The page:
“Come on in,” said Antoinette (Toni) Mulama of the East African Standard newspaper, greeting me with an easy smile and a firm handshake for her small body at the door of her office in the Standard Group building on Mombasa Road. Her hands were as sleek and cold as a snake. She motioned to an old, black leather chair in front of her desk. “Have a seat,” she said. “You even look sweeter than your voice.” It wasn’t a compliment, and given her reputation as a joker in the media circles, it was funny enough.
“Thanks,” I said, gingerly settling in.
She went straight to the point. “Gwendolyn told me,” she went on. “She didn’t go into the details, though.”
“That’s because I didn’t give her much,” I told Toni.
Toni Mulama is a veteran journalist, lawyer, Shakespearean poet and a novelist. I read most of her articles on The Standard’s Friday magazine, Pulse, where she calls herself Divas Diva as a celebrity gossip columnist; and Saturday Standard’s magazine, Woman’s Instinct where she writes the ‘Also Girls’ article and ‘The Nitegals’.
“Well, Shiri,” Toni said. “As I told Gwen, I am happy to talk to you about anything about your book. How about we start?”
“Sure, why not?”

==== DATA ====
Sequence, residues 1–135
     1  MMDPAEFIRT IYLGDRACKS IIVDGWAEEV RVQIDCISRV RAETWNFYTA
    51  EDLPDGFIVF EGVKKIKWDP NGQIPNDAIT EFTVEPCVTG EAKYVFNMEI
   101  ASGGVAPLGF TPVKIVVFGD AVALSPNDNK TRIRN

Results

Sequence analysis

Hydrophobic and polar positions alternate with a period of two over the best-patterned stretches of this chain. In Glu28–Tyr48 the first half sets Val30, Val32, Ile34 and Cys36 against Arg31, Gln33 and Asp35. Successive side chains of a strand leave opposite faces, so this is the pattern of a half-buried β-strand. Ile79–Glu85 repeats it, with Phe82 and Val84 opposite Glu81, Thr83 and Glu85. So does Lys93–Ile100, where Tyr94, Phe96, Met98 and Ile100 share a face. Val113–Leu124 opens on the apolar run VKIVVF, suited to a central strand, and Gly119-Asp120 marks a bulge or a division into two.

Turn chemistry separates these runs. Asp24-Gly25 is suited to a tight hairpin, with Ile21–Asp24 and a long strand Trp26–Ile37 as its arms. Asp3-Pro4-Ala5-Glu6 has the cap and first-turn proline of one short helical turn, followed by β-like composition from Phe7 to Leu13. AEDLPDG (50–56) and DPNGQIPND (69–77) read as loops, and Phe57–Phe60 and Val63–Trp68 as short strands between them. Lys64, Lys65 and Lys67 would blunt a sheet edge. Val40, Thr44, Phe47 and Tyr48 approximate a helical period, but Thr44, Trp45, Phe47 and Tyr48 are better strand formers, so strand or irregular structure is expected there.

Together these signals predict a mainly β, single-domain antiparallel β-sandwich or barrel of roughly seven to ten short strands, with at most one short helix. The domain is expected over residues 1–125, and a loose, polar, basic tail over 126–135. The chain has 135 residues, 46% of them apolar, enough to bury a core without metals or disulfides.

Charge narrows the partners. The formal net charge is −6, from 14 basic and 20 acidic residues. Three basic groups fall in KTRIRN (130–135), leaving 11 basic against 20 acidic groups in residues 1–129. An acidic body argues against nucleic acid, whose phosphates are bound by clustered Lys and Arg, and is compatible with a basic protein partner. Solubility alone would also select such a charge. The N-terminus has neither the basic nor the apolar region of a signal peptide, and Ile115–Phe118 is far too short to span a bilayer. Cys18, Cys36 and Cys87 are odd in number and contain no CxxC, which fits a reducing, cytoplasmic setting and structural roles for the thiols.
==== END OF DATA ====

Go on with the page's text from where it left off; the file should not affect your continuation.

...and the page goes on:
“So, what did you want to talk to me about?”
“Actually, I’d like you to help me out with some background on the novel,” I said. “Verisimilitude and all that.”
“No kidding. I’ve never got that request before, especially from a decorated writer like you.”
Ouch! Did she just say that?
I blushed, seriously.
Therefore, I went through all what I had – theme, plot, style and all that. In the end, I realized that she was an admirer of one humourist – Wahome Mutahi (Whispers) – she kept on referring to during the interview.
When we were through with the interview, she asked me whether I liked Thai food. “Oh, am dating a Thai guy.”
It was just about half past one o’clock and she was kinda telling me that lunch hour was almost over.
“I know just the place to be.”
We left her tiny office shortly afterwards, after giving me an autographed copy of her anthology of poems – What If I Am A Literary Gem. Jeez, I wondered. What is it with Kenyan poets’ titling their books by posing questions? I had met another poet at a poetry night event a month before, Tony Mochama, and he’d given me a copy of his collection of poems – What If I Am a Literary Gangster – and his latest novel, Princess Adhi and the Naija Coca Broda.
That was on Wednesday. I still have three weeks to go before my sick leave is over, and I have decided to utilize that time fully.
I have hired some university students and interns at our office to do the research for the novel and it’s coming up well.
I tend to forget about the BaC’s day, but not under the watching eye of the girls.
Copyright ©Elove, 2012.